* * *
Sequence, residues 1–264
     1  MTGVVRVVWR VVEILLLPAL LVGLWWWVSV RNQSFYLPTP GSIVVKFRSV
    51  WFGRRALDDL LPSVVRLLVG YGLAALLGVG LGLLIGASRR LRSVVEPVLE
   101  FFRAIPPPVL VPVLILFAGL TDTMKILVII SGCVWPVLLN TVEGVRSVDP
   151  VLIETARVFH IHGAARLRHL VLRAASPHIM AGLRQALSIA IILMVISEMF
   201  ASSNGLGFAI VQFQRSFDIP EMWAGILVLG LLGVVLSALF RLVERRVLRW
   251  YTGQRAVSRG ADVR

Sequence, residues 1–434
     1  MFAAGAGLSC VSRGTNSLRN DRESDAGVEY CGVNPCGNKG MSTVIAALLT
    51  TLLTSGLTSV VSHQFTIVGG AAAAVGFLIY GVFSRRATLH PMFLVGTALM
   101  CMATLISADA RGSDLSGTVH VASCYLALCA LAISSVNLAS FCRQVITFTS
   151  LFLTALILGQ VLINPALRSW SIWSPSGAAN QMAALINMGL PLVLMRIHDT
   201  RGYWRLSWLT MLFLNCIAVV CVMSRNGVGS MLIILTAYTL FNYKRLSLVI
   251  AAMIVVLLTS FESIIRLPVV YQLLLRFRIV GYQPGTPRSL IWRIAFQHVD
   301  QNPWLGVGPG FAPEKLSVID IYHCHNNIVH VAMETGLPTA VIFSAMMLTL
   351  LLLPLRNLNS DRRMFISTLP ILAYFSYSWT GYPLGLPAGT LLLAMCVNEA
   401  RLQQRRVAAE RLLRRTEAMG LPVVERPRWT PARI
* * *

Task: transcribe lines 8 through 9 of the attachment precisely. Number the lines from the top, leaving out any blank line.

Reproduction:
Sequence, residues 1–434
     1  MFAAGAGLSC VSRGTNSLRN DRESDAGVEY CGVNPCGNKG MSTVIAALLT